by Bob Simmons, executive director
Council for Children’s Rights
It is already the middle of August. Where does the time go?
For K-12 students, August combines the exhilarating freedom of a waning summer vacation with the looming excitement of a new school year. As families gather school supplies and teachers organize classrooms for the first day of school on August 28, the administration has been busy preparing to implement Phase I of the two-phase revised student assignment policy approved by the Board of Education.
This is an exciting time for CMS as it takes initial steps toward offering new opportunities to children and families in our community by advancing the BOE’s five Guiding Principles:
- Reduce overcrowding
- Support the efficient use of resources (buses, buildings, etc.)
- Reduce the number of schools with high concentrations of poor and high-needs children
- Increase access to high-quality home schools
- Preserve and expand schools that work
Phase I assigns students to magnet programs using a priority system based on a combination of socioeconomic status indicators such as household income, parents’ education levels, siblings living in the home, home ownership, home school performance, and English speaking ability. Over the next four years, the magnet portion of the plan will feature additional changes to transportation zones and more school and program options.
In August 2018, Phase II will shift some home school boundaries, establish new and modified magnet programs, and update feeder patterns. Each stage of implementation attempts to minimize family disruptions by allowing rising students in higher grades to graduate from their current schools and keeping near-age siblings together.
Is the plan perfect? No. Is everybody happy? No. But that is the nature of coexistence in a community with competing interests, complex needs, and a focus on opportunity.
At Council for Children’s Rights, we believe the Board of Education could do more to reduce concentrations of poverty, while other advocates believe the goals outlined in the Guiding Principles might be achieved without changing the assignment policy adopted in 2010. The opportunity before us now is to embrace the compromise reached in the new plan and support efforts toward successful implementation.
CMS expects 176 schools in operation this fall, and it is estimated that the two phases of the new plan will result in 74 schools with increased socio-economic diversity, 14 schools serving students from closer proximities, 13 schools with feeder patterns that remain intact, and 35 schools with improved utilization through increased enrollment or reductions in overcrowding. In total, the changes are expected to reassign only 10% of CMS’s 147,000 students, but the potential positive impact on the education of our community’s children is immeasurable when students with different experiences come together in new, and newly renovated spaces.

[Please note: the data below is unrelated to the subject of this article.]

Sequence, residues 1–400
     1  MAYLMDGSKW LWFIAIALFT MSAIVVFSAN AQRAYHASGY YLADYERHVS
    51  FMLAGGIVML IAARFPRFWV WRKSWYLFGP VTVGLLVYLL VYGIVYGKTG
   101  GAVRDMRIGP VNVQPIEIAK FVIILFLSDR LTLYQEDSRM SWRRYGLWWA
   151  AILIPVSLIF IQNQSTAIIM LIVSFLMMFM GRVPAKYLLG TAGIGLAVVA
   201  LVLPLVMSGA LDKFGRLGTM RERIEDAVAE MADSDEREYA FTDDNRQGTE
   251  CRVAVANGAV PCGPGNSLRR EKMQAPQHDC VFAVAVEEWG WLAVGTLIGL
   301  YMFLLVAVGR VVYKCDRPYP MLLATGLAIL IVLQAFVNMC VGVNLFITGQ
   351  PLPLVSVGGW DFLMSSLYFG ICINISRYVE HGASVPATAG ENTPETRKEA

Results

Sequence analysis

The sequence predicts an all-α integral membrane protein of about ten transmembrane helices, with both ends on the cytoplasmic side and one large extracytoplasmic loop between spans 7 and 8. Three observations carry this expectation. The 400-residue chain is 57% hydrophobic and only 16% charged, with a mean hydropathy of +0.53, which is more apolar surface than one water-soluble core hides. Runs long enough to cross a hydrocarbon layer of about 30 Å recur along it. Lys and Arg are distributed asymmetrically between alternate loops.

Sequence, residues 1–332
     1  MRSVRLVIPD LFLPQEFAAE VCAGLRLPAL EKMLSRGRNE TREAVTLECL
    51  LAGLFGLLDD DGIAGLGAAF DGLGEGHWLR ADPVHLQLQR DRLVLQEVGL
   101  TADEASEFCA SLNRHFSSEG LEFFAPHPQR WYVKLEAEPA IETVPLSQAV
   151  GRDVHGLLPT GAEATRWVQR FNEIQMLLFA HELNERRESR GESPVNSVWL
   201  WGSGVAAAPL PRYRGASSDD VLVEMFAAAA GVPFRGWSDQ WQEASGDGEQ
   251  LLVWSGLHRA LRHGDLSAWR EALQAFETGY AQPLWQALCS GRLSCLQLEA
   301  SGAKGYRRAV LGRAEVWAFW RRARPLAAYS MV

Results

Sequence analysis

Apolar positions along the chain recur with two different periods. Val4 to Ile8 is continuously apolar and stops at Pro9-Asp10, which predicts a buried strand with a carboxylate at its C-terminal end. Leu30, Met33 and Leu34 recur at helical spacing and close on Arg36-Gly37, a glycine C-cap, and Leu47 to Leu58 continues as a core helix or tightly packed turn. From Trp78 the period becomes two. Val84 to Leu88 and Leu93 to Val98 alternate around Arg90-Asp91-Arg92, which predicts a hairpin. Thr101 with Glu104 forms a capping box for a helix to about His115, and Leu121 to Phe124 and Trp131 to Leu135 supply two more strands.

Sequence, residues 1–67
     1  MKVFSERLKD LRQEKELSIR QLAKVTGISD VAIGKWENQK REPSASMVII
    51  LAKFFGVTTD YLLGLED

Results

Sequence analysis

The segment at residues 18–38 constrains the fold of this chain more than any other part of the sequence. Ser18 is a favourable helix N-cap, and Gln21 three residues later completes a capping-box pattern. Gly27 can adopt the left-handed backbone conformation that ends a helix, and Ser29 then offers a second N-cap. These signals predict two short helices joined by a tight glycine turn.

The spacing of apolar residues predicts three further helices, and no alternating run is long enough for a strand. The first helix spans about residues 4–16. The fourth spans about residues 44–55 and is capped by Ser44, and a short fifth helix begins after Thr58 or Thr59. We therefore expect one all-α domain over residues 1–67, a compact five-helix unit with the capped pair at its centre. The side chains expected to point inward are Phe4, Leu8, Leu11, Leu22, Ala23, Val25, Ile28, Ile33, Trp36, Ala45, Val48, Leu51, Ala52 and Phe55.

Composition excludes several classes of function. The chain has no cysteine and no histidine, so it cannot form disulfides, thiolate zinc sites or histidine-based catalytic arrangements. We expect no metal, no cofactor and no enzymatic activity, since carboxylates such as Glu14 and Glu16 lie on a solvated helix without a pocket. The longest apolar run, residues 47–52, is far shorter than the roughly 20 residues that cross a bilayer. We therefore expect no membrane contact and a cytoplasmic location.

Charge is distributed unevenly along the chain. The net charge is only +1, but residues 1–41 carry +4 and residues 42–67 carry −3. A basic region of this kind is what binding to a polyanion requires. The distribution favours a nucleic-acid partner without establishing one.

The new student assignment plan is not the only opportunity before CMS this fall. School will open under the leadership of new Superintendent Clayton Wilcox, and the Board of County Commissioners authorized a $937 million school bond referendum for November’s ballot. The bonds will fund construction of ten new schools, replacement of seven older schools, renovation of 12 schools, and the addition of 4,000 seats to seven magnet schools.
While critical to implement both Phase I and Phase II of the new plan, the bond projects reach far beyond student assignment to address unmet needs of CMS as Superintendent Wilcox and the system serve our growing community. The projects will better serve all students by supporting the construction, improvement, and maintenance of infrastructure across the district: All children need safe, sound buildings, and strong instructional programming.
And while you’re voting, all six Board of Education District seats will be on the November ballot. In four Districts, the incumbent is not running, and the other two Districts are contested. There will be change. Please learn about the candidates in your District and vote for the person who is committed to creating greater opportunity for all students in CMS.
To increase equity in our public schools and to improve the educational achievement for all of our children, we must take these steps together this fall. Council for Children’s Rights stands with our Board of Education and the talented and dedicated professional educators and staff of CMS as they begin this exciting new school year. We hope that everybody in the community will join us in putting children first by pulling together to make our public schools work for every student in every school.
READ MORE HERE: CMS REDUCING CONCENTRATIONS OF POVERTY AND RACIAL ISOLATION